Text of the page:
"You look ridiculous."

“You look ridiculous. Also, no tomatoes. No tomatoes. No tomatoes. No tomatoes.”

It’s not to say that Miles is poorly behaved, because he definitely isn’t.  We just look at this from his perspective.  If the average dinner at home lasts about 27 minutes, I’m not going to have him sit in a high chair or booth with me for an hour.  That’s not fun; he can learn the same dining skills at home, and I don’t have to worry about him eating the crayons (at dinner, that is).  The day will come, sooner than we realize, where we will go out for dinner as a family and no one will try to put a bowl of spaghetti on their head.  But for now, we’re happy to enjoy those moments at home, in all their loud and messy glory.

Now, if you’ll excuse me, I need to scrape the tomatoes off the ceiling.

Sunday Mom Confessions

It’s that time again…time for me to avoid putting any serious effort into writing, and give you the list of things I’ve done recently that wouldn’t make the cover of Parenting Magazine.  Enjoy.

This week, I have…

  1. Worn maternity pants to the office. I feel like this ends up on the confession list every month, but it’s true.  I also don’t believe any of my coworkers notice when I do this.
  2. Realized it’s been three weeks since I’ve done my own laundry.  Don’t worry, everyone else has clean clothes, and I have yet to turn a pair of underwear inside out for myself.  This stems from the burned out light bulb in my closet, which has in turn provided enough material for an entire blog post.  I know you’re looking forward to that.
  3. Forgotten that Miles is on Mixed Veggie Protest.  Instead, he has opted to eat only peas, corn and carrots, but not mixed together.  At dinner this evening, I proceeded to separate all mixed veggies.  That, my friends, is love.  It is also understanding that he has most likely inherited his mother’s whack OCD.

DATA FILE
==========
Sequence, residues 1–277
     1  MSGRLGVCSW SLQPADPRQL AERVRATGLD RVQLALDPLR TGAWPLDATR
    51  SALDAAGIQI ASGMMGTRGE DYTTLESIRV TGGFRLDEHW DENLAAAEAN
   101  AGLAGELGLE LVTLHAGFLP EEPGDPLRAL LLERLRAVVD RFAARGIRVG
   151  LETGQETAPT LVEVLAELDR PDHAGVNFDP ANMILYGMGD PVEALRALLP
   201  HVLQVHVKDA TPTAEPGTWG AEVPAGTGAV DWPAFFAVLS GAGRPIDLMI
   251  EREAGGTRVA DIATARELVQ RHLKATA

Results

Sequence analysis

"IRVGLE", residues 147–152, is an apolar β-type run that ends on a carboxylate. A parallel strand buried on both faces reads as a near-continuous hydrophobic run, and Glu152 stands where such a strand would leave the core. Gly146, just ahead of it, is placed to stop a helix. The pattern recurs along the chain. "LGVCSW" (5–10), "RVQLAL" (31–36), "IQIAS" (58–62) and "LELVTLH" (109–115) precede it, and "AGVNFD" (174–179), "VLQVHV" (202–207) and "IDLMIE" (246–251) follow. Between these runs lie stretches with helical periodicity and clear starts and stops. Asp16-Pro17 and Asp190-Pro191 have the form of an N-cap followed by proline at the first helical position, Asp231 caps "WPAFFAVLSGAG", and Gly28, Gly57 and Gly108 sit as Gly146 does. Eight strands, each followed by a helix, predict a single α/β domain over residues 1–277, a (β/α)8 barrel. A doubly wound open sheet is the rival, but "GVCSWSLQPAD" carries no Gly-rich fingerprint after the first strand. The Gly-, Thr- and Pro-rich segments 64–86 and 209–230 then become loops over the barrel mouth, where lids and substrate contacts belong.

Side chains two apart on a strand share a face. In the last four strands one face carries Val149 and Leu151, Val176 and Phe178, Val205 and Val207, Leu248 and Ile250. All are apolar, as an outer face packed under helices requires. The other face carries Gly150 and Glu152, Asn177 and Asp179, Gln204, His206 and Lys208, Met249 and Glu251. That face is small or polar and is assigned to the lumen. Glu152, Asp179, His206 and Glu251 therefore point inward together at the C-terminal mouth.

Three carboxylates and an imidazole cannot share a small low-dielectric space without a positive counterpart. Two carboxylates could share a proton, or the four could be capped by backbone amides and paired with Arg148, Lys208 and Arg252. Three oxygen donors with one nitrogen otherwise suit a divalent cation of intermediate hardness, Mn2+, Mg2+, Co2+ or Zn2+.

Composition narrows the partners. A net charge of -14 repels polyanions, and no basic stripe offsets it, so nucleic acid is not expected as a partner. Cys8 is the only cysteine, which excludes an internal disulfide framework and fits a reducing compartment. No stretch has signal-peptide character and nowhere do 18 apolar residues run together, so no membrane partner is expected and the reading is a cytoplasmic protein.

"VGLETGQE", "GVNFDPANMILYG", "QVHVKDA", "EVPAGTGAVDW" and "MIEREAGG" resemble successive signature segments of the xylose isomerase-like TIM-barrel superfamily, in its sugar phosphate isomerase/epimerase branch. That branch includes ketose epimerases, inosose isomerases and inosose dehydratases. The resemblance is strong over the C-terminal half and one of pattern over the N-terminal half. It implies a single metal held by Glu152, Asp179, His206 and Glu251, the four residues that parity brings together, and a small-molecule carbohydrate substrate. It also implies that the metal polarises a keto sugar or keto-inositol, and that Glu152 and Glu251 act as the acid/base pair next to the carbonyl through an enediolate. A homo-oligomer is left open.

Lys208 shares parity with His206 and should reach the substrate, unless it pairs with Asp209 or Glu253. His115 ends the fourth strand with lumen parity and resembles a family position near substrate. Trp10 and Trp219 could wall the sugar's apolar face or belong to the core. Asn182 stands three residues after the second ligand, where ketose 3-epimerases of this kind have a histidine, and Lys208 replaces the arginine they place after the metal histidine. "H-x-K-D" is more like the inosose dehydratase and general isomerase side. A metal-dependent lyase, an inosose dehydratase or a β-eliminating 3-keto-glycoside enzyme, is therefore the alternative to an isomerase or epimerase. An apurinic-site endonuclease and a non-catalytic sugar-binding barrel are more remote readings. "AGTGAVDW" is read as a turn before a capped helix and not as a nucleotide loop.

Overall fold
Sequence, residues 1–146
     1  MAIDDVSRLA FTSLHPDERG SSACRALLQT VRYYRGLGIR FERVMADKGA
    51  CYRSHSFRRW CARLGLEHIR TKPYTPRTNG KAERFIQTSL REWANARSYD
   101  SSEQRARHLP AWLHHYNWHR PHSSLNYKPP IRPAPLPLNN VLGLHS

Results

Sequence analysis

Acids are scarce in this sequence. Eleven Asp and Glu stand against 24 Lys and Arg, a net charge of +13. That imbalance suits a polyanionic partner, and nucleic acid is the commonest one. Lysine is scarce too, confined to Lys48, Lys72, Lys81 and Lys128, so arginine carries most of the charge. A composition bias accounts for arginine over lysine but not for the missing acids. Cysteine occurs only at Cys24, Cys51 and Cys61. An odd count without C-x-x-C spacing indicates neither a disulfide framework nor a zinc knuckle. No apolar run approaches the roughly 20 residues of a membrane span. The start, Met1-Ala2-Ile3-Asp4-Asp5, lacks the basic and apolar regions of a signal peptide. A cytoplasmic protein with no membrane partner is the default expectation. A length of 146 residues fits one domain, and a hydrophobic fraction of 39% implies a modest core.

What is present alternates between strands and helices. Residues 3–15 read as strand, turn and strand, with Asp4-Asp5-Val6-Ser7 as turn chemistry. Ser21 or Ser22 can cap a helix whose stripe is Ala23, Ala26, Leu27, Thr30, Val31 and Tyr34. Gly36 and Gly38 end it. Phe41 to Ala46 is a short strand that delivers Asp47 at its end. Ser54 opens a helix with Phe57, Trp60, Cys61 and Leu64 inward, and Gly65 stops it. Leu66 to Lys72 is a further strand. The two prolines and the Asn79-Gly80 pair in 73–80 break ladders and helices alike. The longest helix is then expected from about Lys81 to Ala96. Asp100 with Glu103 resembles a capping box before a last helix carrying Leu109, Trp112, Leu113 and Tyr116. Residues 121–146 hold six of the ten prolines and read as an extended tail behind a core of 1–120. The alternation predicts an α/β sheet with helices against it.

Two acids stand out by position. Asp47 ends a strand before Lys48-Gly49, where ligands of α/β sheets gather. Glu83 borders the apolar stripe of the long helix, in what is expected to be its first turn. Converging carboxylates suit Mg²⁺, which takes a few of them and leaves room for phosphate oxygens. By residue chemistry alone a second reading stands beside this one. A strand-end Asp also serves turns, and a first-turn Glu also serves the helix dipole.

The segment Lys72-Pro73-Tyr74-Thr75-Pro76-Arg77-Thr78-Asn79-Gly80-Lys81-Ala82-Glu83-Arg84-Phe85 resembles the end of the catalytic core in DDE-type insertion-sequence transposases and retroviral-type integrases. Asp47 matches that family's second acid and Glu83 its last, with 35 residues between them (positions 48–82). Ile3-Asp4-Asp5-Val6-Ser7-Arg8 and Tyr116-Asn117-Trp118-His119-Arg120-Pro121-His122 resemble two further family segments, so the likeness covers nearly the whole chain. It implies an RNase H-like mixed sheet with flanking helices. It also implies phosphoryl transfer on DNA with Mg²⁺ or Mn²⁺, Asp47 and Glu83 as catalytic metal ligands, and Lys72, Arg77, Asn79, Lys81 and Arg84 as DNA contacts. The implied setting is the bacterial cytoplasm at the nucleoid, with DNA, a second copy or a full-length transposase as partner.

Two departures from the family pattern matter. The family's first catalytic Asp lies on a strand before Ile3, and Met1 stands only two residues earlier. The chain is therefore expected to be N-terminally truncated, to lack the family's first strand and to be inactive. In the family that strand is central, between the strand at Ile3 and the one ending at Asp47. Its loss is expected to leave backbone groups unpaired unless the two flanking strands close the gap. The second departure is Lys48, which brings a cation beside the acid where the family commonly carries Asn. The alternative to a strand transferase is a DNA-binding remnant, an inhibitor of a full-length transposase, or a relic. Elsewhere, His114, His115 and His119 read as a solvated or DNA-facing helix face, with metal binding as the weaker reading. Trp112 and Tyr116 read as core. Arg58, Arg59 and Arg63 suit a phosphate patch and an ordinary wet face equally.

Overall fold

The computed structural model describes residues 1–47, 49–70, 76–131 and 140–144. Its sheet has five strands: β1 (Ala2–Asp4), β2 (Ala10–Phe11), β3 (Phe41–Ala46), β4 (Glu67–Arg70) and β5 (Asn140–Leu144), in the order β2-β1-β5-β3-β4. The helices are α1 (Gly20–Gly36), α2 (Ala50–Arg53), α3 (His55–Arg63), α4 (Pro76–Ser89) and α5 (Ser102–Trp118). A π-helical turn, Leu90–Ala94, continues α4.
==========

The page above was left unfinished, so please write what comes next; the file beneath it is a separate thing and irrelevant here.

4. Eaten three grilled cheese sandwiches and two fried turkey bologna sandwiches for lunch.  Yesterday, I ate half a head of broccoli with some dip, so I believe that balances out the grilled cheese.  I’m tired and lazy.
  5. Prayed to the gods of the twelve month molars to let the teeth come in already, so the kid will stop chewing on my car keys every chance he gets.
  6. Attempted to bake a butterscotch brownie using a recipe I’m completely unfamiliar with, off the bag of butterscotch chips no less.  It turned out to be an 8×8 butterscotch chocolate chip cookie disaster, that couldn’t even be cut.  Instead of throwing it away, I stuck a spoon in it, and continued eating large chunks every single day while cooking dinner.  It was hate-eating at its finest.
  7. Cried during American Ninja Warrior.  This has also given me enough material for an entire post.
  8. Did zero household chores during Saturday’s naptime.  Instead, I opted to lay on the couch watching reruns of Sex and the City, and work on level 164 of Candy Crush.  People still play that, right?  I’m a little out of the loop…
  9. So far out of the loop, that I had never heard the songs “Happy” or “Fancy” until this week.  But I know all the words to “Down by the Bay” (where the watermelons grooow…Raffi 4 Lyfe)
  10. Let Miles fingerpaint with his yogurt, out of sheer appreciation for the joy on his face while doing so.  A dining room table can be replaced, but memories of coconut yogurt sunshines are irreplaceable.

Before I had Miles, I took melatonin religiously at bedtime.  After I got knocked up, I realized the label said “not for use during pregnancy”, so I quit.  I remember worrying about how well I would sleep without melatonin (surprise: pregnancy takes care of that), and that I was looking forward to the day I could take it again.  Then we had Miles, and I realized that children are melatonin for parents.  Their strength increases with age.  This isn’t a confession; merely an observation.  You don’t want to sleep like a baby; you want to sleep like the parents of the baby.

Miles will be 15 months old tomorrow, which to me feels like he’s getting his learner’s permit.  I’ll never make fun of anyone who says “boy, does time fly…” ever again.